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  5. 2HBStrat

    2HBStrat Tele-Afflicted

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    Remember back in the day when there was only on Stratocaster model? The American Standard, or American Series, and whatever it's called now...I can't remember...is the continuation of that model. It is, to me, the standard bearer for that original model...in other words great guitars!
     
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  6. NC E30

    NC E30 TDPRI Member

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    The only problem with this analogy is that guitars are cool. I've never thought of a Camry as cool.
     
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  7. doghouseman

    doghouseman Tele-Meister

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    in your head man....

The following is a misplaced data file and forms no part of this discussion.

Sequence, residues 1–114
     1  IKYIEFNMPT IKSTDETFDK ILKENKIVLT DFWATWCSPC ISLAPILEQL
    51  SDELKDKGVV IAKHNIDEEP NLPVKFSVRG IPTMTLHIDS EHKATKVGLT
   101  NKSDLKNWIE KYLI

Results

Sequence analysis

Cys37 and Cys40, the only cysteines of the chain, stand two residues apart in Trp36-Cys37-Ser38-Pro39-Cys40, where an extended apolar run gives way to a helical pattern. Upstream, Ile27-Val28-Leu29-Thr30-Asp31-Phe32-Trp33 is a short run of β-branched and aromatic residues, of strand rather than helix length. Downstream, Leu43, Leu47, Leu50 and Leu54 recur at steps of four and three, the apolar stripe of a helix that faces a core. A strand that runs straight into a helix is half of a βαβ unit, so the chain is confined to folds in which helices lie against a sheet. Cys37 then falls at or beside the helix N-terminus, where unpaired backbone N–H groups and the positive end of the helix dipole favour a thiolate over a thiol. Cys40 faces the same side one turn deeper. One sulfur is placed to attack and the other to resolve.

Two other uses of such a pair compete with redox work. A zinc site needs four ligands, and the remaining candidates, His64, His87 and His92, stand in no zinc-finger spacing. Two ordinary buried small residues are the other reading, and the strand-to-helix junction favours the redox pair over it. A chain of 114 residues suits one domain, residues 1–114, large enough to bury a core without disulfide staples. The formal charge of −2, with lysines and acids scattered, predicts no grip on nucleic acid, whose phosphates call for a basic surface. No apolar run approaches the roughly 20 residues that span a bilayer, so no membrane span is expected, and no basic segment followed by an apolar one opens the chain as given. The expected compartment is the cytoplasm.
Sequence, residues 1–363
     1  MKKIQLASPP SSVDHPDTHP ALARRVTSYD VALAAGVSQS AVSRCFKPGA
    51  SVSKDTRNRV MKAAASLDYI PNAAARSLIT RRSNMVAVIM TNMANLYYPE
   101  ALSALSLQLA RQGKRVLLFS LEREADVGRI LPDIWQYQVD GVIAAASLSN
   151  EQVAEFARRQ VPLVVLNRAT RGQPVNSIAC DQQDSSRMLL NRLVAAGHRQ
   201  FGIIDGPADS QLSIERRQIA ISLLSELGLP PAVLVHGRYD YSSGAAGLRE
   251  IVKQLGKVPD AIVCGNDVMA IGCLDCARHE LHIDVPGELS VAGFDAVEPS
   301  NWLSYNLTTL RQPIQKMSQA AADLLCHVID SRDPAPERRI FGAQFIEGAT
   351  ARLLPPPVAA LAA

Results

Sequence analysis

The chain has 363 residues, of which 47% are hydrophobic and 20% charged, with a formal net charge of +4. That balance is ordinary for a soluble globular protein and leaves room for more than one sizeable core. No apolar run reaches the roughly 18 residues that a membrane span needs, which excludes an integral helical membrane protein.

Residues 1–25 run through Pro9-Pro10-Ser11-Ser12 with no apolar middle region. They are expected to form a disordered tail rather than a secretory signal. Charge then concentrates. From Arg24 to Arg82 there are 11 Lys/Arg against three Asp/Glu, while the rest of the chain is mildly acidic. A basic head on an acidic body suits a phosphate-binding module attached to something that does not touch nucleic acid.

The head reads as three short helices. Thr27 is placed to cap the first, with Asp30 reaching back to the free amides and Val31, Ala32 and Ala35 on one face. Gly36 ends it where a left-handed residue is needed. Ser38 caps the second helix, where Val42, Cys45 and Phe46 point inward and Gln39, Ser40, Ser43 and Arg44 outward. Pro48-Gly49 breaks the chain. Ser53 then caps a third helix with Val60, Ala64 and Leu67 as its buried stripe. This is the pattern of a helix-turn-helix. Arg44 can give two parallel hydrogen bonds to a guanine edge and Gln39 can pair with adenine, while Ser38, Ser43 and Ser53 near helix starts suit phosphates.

YES! the early 90s was when Fender got its act together and started making guitars in California again... hence.. the American Standards. Those early 90s models are worth every penny.
     
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  8. Whatizitman

    Whatizitman Friend of Leo's

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    I disagree, on both points. Everyone's different, of course. But I've always been kind of a form-follows function type. Even better when both cheap and reliable are the result. I find that cool.

    I think MIA Fenders are well overpriced for what they do, considering there is absolutely nothing innovative about them at this point. That's not cool to me. I love the old guitar tech. I don't love paying premium for something that is so easily copied and mass produced on the cheap.

    Camrys cost more than Accords for comparable trims. I'm good with an Accord. They take up pretty much the same market space, new and used.

    I also find more than one problem with this analogy.
     
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  9. FenderJunkee

    FenderJunkee TDPRI Member

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    Get real guys, the guitars are the same, the ones from Corona, and the ones from Ensenada are both built by Mexican folks, one costs a hell of a lot more than the other, both are decent instruments.